Maek (Phoenix, AZ United States) –

    This review is from: Rocksmith 2014 Edition – Playstation 3 (Cable Included) (Video Game)
    Is Rocksmith 2014 a sequel? No, it’s what the original Rocksmith should have been as described below.

    NOTE – If you own the original Rocksmith and you already have the USB cable, then the original USB cable will work with this game as well which is available for $20 less as a “no cable” edition.

    When I got the original Rocksmith, I was “wow”ed. Here was a PS3 title that wasn’t a game, but an instructional software package for learning to play guitar (and later, bass) AND also allowed you to play notes on real songs with a difficulty level that adjusted on the fly according to how well you played.

    The drawback, however, was the interface. Rocksmith’s menu was slow, cumbersome, and teeth-grindingly awful…having to strum every…single…time just to get the next menu. That, and choosing a song was laborious and slow with very limited means of finding the songs easily.

    If you were a former Rocksmith user, fret no more (okay, bad pun). Ubisoft has clearly listened to our complaints and has generated a menu system that is a lot snappier. Trying to find a song? Well, sort by genre, artist, song title, etc., and you’ll find it quickly and easily. It’s a huge sigh of relief and it’s such a welcome change.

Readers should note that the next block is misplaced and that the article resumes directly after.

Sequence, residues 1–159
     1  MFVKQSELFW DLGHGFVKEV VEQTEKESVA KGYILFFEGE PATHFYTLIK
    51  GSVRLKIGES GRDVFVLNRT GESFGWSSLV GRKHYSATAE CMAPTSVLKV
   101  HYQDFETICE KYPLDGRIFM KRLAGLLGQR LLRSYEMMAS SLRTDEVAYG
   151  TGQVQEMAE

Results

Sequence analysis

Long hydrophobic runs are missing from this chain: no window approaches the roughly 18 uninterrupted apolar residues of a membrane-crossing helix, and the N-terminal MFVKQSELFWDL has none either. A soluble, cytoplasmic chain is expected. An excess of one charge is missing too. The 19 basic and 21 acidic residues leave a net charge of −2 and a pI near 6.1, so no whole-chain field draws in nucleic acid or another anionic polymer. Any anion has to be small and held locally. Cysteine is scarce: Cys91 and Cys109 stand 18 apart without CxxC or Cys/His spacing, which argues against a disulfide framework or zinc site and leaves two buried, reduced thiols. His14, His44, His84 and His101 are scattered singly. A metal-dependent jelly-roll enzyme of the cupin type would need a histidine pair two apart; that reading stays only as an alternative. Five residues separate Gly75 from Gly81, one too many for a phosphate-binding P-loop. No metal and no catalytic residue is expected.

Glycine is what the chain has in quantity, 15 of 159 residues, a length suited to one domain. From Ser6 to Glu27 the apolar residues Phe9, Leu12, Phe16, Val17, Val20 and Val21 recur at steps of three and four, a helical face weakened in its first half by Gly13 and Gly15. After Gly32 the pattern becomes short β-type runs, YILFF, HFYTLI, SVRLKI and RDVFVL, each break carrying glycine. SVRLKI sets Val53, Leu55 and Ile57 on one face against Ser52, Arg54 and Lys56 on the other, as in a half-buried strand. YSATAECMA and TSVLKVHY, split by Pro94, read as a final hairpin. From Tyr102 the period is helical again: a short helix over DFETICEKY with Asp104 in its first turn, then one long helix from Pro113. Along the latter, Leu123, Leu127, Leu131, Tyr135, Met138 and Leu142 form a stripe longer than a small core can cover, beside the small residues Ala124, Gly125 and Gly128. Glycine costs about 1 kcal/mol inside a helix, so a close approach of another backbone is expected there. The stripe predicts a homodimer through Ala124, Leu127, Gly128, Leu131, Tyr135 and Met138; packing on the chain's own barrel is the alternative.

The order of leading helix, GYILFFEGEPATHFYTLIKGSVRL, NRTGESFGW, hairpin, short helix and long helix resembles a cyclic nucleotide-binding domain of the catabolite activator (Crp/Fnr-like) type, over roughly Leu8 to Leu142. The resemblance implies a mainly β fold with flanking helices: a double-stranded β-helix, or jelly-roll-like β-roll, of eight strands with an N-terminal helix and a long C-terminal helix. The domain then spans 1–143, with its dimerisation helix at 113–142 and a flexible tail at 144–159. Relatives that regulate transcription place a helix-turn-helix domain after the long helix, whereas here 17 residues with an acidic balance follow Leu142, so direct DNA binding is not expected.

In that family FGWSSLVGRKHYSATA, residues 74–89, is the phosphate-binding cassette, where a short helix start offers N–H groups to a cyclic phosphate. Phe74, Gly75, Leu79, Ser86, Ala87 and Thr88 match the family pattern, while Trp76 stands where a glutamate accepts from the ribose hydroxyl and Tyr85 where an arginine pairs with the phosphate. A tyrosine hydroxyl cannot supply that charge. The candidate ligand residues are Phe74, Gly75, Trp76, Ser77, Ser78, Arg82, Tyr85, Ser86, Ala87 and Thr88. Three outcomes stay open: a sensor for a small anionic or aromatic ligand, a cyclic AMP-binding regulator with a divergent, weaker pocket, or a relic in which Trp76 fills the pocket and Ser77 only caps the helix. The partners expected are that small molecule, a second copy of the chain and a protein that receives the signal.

There are new features as well. The Riff Repeater is especially worth noting that allows you to select portions of a song and vary the playback so you can gradually learn how to play more difficult sections. Excellent addition.

    If you’re concerned about porting songs from the original Rocksmith to Rocksmith 2014, $9.99 is all you’ll need to transfer the songs over EXCEPT for the following 5 songs due to licensing issues:

    — Eric Clapton – Run Back to Your Side
    — Cream – Sunshine of Your Love
    — Seth Chapla – Star Spangled Banner
    — Seth Chapla – Jules
    — Chris Lee – Boss

    Your other option is to keep the other disc, but switching discs is a huge inconvenience, in my opinion, and I wasn’t mourning the loss of the 5 songs above.

    Rocksmith 2014’s tutorial videos have also been revised and enhanced allowing you to skip sections within a tutorial video if you want to rehearse some of the techniques again. I’m loving the new videos better than the original and the positive feedback built-in feels empowering.

    Rocksmith 2014 also features a new “session mode” that will allow you to play bass or guitar alongside “session” AI musicians. I have tinkered with it a little bit, and it’s surprisingly good but with limitations; don’t expect this to replace the human component of a good-spirited jam. That said, there are a range of scales, BPMs, etc. modes to choose from and it’s fun to experiment.

    Overall, 5/5 for Rocksmith 2014!!! If you already have Rocksmith or if you’re looking to go into it the first time, THIS is the edition that you want to get.